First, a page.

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May 22, 2015

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Raise children to know red flags involving sexual predators, therapist advises

It’s the kind of news that makes parents squirm with disgust and outrage and, because it ends up in the media, might force uncomfortable but necessary discussions with children: In recent weeks, multiple adults have been arrested on allegations of sexual impropriety involving minors.

In three of the cases, the authority figures are accused of having sexual relations with or sexually touching minors; the other involves a coach exposing himself near a school and masturbating in public in front of a former student.

How should parents broach this issue at home with their children, if to just discuss what they may have heard in the news or to talk to them on the larger issue of inappropriate physical contact by adults in their lives?

“Parents need to know what their kid can handle, but it is important that parents train them, starting at a young age, to know the difference between when a doctor touches their private parts versus if the neighbor or teacher does,” says Scott Underwood, a licensed clinical social worker and therapist who specializes in working with children and adolescents.

It can start by understanding your child's ability to handle anxiety. Underwood suggests telling overly anxious children what the red flags are. It can be harder to convey to children with low anxiety the importance of knowing the severity of the situation because they never think anything bad will happen to them, Underwood said.

This is why it is so important that parents teach boundaries to their children and how to recognize when an improper line is crossed.

Unlike young children, teenagers tend to think they know more about relationships than their parents. Underwood understands this, but reminds parents that it's still up to them to intervene and protect their children from any wrongdoing.

However, there are many times when parents will look back to their own memories of school and remember a mentor relationship that bettered their lives.

“Parents have a difficult time wanting to intervene because student-teacher relationships do not always end badly; however, if there is even the slightest feeling that the relationship is not completely professional, it is up to the parent to stop the relationship from continuing,” Underwood said.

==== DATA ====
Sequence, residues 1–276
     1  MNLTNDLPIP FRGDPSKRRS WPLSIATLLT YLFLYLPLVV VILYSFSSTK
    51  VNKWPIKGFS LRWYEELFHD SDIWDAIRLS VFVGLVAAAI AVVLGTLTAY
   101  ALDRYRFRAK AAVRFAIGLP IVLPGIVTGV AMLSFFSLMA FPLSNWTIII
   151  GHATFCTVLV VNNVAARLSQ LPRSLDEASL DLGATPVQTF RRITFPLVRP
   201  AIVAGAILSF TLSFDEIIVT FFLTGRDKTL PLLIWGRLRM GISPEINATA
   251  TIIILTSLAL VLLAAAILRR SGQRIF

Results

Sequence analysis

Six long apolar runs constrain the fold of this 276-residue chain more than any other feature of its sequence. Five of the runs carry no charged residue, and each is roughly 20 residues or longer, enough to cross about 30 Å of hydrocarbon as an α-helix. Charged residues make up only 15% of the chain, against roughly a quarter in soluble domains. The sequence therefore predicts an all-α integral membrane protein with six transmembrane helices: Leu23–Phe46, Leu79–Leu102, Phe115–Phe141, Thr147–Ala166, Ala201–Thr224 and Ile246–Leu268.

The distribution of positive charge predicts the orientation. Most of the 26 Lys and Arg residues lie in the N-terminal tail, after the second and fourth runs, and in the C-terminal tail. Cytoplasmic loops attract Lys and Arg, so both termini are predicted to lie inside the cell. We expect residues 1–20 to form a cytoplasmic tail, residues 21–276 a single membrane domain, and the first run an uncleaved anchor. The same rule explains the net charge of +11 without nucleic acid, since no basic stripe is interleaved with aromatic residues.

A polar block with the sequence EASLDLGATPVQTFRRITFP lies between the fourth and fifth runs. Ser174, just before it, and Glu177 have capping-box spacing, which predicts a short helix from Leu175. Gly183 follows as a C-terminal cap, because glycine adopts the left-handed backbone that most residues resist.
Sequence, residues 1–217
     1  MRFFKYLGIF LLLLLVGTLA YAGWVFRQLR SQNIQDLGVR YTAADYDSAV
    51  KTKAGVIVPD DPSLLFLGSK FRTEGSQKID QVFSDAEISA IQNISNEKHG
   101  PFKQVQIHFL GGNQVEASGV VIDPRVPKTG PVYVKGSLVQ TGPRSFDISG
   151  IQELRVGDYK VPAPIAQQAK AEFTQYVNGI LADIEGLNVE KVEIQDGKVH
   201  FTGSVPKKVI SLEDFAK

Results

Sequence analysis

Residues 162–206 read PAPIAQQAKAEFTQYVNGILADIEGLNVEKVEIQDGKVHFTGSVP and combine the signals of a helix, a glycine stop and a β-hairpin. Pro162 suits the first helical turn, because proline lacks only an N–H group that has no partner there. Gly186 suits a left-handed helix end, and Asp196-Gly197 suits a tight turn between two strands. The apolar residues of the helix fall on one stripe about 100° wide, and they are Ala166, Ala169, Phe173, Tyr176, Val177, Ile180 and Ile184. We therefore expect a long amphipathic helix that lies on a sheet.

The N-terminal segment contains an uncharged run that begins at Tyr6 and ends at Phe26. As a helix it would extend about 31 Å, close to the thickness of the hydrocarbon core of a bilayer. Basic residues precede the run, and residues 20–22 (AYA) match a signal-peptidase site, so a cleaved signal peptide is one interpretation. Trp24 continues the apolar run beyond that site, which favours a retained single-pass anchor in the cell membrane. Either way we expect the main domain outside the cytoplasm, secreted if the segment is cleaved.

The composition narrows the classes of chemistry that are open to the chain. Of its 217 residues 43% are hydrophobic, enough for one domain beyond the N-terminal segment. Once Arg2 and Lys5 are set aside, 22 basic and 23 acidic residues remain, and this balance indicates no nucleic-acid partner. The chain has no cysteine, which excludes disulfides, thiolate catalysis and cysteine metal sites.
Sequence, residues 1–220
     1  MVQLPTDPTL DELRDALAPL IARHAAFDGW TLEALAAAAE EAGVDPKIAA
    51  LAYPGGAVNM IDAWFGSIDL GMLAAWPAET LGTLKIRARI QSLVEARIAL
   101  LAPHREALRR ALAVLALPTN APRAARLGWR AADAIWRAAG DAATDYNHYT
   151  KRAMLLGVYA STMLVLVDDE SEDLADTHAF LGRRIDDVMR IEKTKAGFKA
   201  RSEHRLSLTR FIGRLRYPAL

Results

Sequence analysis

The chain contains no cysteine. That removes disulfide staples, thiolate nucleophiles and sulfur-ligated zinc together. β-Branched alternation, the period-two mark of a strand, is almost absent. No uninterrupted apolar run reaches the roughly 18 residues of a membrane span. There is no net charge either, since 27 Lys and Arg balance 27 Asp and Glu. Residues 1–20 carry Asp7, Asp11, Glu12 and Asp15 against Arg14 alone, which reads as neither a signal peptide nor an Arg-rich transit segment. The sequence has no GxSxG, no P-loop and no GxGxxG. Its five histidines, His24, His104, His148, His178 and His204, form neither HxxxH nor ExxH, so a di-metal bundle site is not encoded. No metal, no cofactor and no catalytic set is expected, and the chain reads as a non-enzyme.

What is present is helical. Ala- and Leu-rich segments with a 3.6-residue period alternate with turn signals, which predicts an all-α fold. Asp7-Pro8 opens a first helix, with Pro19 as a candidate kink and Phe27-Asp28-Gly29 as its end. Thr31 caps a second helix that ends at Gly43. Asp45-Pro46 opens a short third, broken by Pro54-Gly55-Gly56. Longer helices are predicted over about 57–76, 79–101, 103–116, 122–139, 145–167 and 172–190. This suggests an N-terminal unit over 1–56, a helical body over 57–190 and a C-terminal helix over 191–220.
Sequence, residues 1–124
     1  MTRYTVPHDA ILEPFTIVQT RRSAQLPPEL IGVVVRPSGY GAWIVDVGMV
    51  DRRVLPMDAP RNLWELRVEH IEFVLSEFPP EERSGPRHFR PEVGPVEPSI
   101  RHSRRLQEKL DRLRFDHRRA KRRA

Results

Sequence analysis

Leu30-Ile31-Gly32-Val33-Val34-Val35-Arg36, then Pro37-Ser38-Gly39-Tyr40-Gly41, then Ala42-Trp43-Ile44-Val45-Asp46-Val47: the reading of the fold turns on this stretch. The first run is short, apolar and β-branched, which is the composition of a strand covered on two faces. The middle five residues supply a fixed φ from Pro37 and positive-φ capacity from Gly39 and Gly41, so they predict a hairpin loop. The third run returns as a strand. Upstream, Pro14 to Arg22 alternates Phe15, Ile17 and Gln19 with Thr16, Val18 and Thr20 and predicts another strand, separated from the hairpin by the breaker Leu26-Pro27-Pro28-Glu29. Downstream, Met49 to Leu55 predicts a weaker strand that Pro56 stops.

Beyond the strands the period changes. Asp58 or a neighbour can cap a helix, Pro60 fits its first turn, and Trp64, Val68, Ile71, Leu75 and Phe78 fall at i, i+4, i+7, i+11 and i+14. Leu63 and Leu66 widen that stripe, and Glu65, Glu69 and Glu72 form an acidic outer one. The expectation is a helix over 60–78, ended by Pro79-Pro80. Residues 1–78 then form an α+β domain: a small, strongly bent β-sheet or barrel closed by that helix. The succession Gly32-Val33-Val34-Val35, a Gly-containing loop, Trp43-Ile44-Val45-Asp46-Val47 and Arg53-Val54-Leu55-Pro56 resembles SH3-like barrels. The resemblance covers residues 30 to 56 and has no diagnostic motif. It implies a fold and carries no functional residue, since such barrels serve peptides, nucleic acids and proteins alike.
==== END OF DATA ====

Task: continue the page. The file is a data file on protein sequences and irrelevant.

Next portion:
When an incident happens, the victim may feel helpless because the offender manipulates the child into either thinking that no one will believe that this occurred or that he or she is in the wrong.

To counteract this and have the victim come forward immediately about the experience, Underwood says parents need to foster a strong sense of trust with their child.

“Telling children from a young age, ‘If something ever happens to you, you can tell me and I will protect you and believe you no matter what anyone else says’ or ‘You know you can always tell me anything,’ will help the child feel as if he or she has someone to turn to should a serious situation arise,” he said.

Once the child brings the situation to the parent’s attention, it is the parent’s responsibility to send the message that nothing the child did was wrong and that he or she is not to blame for what happened. Oftentimes, according to Underwood, children will carry a lot of guilt, which is why parents need to reinforce to the child that nothing they did was wrong.

If a child has been the victim of a pedophile, therapy might be warranted, Underwood said, though not always.

“All too often, I see parents forcing their children into therapy and, if nothing else, the therapist ends up making the situation into a bigger deal than the child originally took it to be,” he said.

Parents play a huge role in ensuring their child is in a safe environment, but when it comes to dealing with the emotional repercussions of sexual assault, healing needs to come from the individual, he said.

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